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National Youth Dialogue Day

Community Organization Learning Community

To build capacity for social justice and community change in a diverse society.

Our program is the oldest and largest of its kind in graduate education. We began working with community agencies and neighborhood groups in Detroit in the 1930s, and have played prominent roles in community organizing, planning, and development ever since.

Today, community organization is more important than ever. Economic and social changes affect conditions and cause inequalities for many communities. In addition, it will not be long before a majority of the United States population will be of African, Asian, and Latin Americas descent, and diversity will be a fact of life, and this too will challenge communities.

These changes will challenge communities to build capacity, and create opportunities for change agents. There are expanding opportunities for people who make community organization their career as organizers, planners, policy analysts and program adminstrators, and as community advocates and political activists. Effective community organizers can play a critical role in harnessing the opportunities of the future to address these emerging opportunities.

Community Collaborations

We establish and sustain long-term collaborative partnerships with grassroots groups, community agencies, and nonprofit organizations, for example:

Community-Based Initiative in Detroit

The Community-Based Initiative in Detroit is to train and support a new generation of social workers dedicated to community and social change in urban cities, neighborhoods, and communities. 

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National Community Scholars Program

The National Community Scholars Program prepares professionals to lead and mentor young people and adults so they can develop allies and create community change.

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Michigan Youth and Community Program

This community action and youth leadership program is a collaboration with urban and suburban partners in economically disinvested and racially segregated areas.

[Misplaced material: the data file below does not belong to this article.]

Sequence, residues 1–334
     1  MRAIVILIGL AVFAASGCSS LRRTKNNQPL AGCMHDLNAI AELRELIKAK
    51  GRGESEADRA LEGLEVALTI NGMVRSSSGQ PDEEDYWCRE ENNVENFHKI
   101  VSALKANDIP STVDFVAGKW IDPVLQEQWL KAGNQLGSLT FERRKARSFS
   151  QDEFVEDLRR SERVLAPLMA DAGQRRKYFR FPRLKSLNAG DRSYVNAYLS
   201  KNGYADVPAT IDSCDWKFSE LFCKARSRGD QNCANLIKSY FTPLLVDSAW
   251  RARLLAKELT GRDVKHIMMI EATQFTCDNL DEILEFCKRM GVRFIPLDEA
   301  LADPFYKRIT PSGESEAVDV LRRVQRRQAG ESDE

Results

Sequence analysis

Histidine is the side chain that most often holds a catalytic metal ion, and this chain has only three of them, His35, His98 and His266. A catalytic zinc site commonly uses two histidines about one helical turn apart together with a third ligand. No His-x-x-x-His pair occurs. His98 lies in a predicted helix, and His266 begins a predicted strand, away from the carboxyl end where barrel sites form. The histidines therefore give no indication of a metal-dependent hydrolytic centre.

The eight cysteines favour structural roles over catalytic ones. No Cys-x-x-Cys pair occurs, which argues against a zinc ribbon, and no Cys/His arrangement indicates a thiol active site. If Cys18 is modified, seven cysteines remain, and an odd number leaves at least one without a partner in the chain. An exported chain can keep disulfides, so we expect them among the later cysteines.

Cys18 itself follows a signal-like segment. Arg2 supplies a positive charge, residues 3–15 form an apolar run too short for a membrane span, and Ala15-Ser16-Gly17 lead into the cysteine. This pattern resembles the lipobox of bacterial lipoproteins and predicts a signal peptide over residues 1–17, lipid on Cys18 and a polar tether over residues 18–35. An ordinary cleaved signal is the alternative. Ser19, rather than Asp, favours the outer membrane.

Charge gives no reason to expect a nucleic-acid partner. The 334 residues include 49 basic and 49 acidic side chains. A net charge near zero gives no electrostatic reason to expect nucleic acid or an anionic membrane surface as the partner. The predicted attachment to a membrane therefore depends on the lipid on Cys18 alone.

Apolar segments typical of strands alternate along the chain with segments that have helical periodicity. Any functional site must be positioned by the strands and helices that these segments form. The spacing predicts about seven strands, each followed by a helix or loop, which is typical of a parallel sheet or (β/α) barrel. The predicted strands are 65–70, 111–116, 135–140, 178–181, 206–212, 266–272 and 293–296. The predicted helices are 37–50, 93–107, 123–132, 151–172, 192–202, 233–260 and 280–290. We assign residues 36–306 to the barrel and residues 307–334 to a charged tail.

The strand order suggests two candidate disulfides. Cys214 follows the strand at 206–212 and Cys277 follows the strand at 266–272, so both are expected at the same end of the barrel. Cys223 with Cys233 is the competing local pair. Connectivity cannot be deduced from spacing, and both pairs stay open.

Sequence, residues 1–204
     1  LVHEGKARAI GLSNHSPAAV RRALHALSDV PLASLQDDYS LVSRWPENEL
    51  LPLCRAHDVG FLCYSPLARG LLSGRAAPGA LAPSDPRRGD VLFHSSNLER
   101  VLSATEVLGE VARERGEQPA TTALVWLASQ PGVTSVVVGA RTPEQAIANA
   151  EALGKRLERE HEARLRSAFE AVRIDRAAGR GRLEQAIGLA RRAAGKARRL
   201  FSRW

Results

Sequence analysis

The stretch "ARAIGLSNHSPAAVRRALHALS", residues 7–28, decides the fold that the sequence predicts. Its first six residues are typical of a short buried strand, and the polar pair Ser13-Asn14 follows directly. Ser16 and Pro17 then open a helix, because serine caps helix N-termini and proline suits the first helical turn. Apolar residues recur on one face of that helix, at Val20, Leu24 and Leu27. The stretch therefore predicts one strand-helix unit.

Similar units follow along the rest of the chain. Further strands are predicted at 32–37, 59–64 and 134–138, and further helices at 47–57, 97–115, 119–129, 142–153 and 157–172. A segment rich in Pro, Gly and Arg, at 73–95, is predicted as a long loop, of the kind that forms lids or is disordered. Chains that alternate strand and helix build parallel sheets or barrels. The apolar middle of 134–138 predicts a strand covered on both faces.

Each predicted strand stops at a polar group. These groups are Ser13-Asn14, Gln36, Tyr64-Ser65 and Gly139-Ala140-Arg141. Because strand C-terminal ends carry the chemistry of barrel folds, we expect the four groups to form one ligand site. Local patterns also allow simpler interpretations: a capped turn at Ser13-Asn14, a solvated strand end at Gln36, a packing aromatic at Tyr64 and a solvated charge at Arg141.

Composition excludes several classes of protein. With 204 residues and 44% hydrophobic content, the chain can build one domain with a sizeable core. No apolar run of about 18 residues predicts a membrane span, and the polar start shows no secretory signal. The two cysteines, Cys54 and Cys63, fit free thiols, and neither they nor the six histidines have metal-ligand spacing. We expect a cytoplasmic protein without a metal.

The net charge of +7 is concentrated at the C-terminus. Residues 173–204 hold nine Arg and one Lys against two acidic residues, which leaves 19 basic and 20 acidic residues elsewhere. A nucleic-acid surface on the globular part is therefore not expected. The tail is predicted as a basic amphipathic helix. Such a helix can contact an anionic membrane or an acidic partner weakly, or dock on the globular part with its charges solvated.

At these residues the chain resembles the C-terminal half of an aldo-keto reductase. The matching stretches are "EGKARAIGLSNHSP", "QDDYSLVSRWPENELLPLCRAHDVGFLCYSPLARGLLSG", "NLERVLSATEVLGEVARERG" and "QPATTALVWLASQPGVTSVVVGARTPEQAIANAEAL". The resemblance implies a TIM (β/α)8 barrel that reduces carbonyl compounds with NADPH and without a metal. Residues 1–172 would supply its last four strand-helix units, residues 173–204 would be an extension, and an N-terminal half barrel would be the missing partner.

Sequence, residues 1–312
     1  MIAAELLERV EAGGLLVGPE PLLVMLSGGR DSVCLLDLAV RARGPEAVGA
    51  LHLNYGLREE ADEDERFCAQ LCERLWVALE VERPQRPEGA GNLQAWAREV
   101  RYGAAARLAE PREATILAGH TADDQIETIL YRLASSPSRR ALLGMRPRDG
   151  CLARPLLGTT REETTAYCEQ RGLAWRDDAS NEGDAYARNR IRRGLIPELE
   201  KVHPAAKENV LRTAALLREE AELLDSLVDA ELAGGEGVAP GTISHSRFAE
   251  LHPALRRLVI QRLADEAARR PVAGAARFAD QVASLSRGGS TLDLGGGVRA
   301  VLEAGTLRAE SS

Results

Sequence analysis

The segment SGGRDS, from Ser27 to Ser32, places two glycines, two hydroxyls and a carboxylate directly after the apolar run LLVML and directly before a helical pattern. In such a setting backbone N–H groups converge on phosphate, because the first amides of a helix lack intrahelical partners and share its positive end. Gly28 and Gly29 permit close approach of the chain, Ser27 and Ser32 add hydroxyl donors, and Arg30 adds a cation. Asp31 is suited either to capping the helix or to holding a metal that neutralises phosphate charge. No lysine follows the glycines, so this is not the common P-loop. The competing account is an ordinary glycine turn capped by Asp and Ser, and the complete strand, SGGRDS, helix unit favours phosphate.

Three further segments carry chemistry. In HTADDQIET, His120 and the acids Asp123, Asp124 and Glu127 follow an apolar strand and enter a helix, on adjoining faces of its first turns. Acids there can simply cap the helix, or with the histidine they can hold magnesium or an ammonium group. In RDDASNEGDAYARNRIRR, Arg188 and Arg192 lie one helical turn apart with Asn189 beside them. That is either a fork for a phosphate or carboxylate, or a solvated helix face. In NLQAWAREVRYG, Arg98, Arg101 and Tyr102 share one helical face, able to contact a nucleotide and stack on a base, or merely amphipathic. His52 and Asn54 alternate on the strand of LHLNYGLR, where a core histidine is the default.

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Participating Faculty

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  • Barry N. Checkoway

    Professor of Social Work, School of Social Work, and Professor of Urban Planning, Taubman College of Architecture and Urban Planning
    Community organization, community development, neighborhood development, community-based policy advocacy, participatory research, youth empowerment, evaluation
  • Larry M. Gant

    Professor of Social Work, School of Social Work, and Professor of Art and Design, School of Art and Design
    Program evaluation, social action, community-based health programs, community organization and social planning; public health social work, international social work, arts-based community development, sexually transmitted diseases, HIV/AIDS
  • Lorraine M. Gutiérrez

    Director, Diversity, Equity, and Inclusion Program, and Professor of Social Work, School of Social Work, Arthur F Thurnau Professor, Professor of Psychology, College of Literature, Science, and the Arts
    Empowerment-oppressed groups, Latinos, social justice.
  • Laura Lein

    Katherine Reebel Collegiate Professor of Social Work, School of Social Work, and Professor of Anthropology, College of LS&A
    Households in poverty, NGOs and human services, health disparities, women's employment, child care, interdisciplinary and mixed methods research approaches.
  • Katie E. Richards-Schuster

    Director of Undergraduate Minor Programs and Assistant Professor of Social Work
    Youth participation, youth engagement, community organizing, critical youth media, educational justice, social justice education and post-undergraduate social change work
  • Michael Spencer

    Fedele F. Fauri Collegiate Professor of Social Work
    Disparities, mental health services, race/ethnicity, CBPR, discrimination, community health workers
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